26/11 phone trail points to local links, says FBI report
Ten days after Home Minister P Chidambaram said that there was no local help guiding the terrorists during the Nov 26 attacks, the log of phone calls made by the handlers of the attackers to numerous phones in Mumbai, Pune and Nashik before, during and after the attacks suggests that there were local contacts. None of the people who took those calls have been identified, let alone investigated, reports Stavan Desai. Hello, who was being called?india Updated: Jul 11, 2009 02:00 IST
Ten days after home minister P Chidambaram said that there was no local help guiding the terrorists during the November 26 attacks, the log of phone calls made by the handlers of the attackers to numerous phones in Mumbai, Pune and Nashik before, during and after the attacks suggests that there were local contacts. None of the people who took those calls have been identified, let alone investigated.
The calls were made from the Voice over Internet Protocol (Internet telephony by which calls can be made to any part of the world by connecting to a computer) phone used by the accomplices of the attackers said to be based in Pakistan.
The details of the call logs turn up in the report submitted by the United States’ Federal Bureau of Investigations (FBI), which helped in the probe, to the Mumbai crime branch.
The FBI report, a copy of which is with HT, is part of the chargesheet filed in the court trying the 26/11 case. It is the first time an FBI report has been submitted as evidence in an Indian court.“We’d asked the FBI if there were any local numbers reflected in those logs. They never told us,” said crime branch chief Rakesh Maria.
“We sent an email to Joseph Persichini Jr, the assistant director of the FBI, and asked if the agency had specifically alerted the crime branch about these calls, and whether the calls conclusively proved complicity in India. We have not yet received a response.”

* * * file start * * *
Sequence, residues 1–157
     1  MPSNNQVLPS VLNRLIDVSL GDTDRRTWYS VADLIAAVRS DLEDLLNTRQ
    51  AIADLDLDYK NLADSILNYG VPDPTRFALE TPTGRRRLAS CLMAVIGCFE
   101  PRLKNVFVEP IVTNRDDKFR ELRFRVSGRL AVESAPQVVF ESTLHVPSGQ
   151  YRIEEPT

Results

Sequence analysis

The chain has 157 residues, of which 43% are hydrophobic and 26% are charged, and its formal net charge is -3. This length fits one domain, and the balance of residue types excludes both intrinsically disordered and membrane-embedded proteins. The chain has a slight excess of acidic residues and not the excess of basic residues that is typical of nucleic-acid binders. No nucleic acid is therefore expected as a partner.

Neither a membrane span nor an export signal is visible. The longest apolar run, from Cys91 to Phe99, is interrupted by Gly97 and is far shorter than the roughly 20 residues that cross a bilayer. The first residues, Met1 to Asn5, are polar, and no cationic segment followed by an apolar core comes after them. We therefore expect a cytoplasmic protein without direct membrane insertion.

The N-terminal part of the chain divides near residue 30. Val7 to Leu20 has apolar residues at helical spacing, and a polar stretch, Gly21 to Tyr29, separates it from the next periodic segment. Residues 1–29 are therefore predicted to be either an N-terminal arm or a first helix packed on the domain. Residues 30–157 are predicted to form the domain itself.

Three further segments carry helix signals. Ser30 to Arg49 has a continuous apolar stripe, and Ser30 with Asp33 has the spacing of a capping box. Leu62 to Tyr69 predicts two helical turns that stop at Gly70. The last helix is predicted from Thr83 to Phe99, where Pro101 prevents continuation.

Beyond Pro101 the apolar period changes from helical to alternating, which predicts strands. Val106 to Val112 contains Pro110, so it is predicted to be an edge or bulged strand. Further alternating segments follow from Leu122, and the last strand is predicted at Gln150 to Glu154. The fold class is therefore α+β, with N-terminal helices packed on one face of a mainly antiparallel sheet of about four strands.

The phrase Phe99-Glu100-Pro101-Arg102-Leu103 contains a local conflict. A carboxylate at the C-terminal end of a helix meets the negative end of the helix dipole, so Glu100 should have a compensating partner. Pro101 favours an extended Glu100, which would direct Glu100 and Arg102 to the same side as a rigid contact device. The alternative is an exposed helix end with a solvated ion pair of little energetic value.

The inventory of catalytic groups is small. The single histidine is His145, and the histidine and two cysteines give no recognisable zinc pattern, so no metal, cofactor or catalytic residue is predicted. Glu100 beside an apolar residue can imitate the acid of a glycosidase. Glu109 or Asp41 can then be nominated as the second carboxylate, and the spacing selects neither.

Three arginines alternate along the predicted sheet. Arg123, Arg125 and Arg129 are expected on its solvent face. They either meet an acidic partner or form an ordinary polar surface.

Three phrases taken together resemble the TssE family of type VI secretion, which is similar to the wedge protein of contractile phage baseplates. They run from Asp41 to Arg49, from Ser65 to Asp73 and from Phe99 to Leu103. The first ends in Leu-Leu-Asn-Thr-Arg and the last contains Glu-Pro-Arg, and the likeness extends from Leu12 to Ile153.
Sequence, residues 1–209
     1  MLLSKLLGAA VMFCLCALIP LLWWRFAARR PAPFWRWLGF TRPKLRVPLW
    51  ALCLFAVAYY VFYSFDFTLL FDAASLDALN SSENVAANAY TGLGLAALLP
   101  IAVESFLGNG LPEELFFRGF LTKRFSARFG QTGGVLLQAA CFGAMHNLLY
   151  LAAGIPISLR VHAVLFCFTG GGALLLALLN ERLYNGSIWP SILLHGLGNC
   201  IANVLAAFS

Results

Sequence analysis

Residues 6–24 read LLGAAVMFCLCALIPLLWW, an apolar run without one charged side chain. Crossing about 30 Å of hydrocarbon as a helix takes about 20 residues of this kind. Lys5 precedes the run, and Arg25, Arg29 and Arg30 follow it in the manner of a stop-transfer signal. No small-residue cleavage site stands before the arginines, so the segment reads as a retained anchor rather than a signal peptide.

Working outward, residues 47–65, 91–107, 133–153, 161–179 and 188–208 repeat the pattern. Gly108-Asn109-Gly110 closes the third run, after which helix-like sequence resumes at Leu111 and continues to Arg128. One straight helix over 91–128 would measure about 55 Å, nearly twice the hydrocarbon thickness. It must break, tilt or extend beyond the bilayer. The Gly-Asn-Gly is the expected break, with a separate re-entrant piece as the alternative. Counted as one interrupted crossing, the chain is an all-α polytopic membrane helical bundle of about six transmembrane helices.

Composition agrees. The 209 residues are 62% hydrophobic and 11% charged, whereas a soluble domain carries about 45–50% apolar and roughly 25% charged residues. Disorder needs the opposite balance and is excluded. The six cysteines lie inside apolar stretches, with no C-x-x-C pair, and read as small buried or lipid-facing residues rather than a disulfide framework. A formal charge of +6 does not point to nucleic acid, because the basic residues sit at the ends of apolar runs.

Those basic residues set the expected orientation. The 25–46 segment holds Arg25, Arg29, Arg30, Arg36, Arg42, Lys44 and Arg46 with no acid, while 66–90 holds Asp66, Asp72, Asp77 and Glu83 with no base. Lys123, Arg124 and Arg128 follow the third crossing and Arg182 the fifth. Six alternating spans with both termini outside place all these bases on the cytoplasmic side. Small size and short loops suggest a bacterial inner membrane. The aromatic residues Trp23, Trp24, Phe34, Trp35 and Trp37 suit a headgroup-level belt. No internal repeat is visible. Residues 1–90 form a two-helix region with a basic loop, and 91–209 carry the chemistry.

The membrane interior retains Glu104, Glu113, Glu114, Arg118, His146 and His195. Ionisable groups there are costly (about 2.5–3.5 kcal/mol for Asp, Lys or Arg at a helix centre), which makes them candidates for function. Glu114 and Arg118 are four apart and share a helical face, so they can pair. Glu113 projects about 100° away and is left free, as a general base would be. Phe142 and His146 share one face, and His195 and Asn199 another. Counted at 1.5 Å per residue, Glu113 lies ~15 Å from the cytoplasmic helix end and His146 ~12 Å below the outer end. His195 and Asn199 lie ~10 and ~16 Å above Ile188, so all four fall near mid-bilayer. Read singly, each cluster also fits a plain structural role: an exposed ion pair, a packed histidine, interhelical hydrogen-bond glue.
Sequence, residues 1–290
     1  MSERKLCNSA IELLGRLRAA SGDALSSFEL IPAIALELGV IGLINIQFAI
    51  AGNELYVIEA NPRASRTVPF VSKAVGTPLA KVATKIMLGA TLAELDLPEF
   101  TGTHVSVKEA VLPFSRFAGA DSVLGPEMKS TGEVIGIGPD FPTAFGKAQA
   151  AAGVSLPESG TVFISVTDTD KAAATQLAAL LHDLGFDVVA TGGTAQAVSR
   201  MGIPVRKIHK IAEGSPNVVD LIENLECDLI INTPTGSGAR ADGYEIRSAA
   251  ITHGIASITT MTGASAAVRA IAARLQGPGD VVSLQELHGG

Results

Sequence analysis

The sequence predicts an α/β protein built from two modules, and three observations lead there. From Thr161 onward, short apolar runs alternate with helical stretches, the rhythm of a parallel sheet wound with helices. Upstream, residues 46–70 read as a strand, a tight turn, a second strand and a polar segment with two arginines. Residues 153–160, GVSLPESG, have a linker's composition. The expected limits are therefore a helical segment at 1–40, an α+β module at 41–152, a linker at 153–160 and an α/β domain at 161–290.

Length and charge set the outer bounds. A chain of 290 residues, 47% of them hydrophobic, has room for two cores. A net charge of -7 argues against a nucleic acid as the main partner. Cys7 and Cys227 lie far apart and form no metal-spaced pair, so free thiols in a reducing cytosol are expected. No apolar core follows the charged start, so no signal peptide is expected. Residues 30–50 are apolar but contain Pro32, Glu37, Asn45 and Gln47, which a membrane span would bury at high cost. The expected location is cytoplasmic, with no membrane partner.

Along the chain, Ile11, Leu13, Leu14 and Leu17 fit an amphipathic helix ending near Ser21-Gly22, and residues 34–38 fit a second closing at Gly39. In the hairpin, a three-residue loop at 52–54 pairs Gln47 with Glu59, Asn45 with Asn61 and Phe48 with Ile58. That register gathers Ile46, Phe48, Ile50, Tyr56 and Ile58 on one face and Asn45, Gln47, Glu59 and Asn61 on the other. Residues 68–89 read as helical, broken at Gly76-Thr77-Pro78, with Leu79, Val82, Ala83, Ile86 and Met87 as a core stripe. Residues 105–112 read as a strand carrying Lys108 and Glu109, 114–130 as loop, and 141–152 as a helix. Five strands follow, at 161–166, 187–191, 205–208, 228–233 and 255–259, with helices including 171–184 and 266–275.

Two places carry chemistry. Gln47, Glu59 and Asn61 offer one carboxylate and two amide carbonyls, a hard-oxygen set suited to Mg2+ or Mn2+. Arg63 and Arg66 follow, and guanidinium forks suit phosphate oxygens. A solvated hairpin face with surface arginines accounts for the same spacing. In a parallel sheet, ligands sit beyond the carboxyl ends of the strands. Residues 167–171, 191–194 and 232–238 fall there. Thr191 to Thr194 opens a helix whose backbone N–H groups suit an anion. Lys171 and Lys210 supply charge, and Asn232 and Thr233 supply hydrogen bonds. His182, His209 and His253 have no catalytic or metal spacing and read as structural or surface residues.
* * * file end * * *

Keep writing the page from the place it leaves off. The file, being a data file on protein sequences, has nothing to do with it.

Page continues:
The chargesheet says accomplices of the 10 attackers used 30 VoIP connections to provide “instructional and motivational” help to them. An analysis of the calls revealed 23 mobile phones and 12 landline phones were called from those VoIP numbers. Between November 23 and 28, 91 calls were made. In all, they lasted 51 minutes (see call logs on p2).
The first call recorded was to a Delhi landline number. The call lasted a minute-and-a-half early on November 23, three days before the attack.
A couple of hours later three calls were made to a Mumbai phone number. It went on for nearly two minutes. The next day, November 24, 15 calls were made to 11 mobile phones in less than an hour.
We checked out some of the numbers called. At 8.12am on November 25, for instance, a 109-second-long call was made to the office of the Post Master, Nashik Road. Post office staff said the opening time is 10am. “No one has made enquiries,” a post office official said.
Another 104-second-long call was made to the office of a firm selling TVs in Pune — at 7.33 am on November 25. Youths at the office located in a residential building refused to answer any queries when this reporter visited them.
During the 60-hour attack and siege, a Mumbai mobile number was called several times from the VoIP connection. Each time after this local number was called, the attackers were contacted in each of the locations — the Taj Hotel, the Trident and Nariman House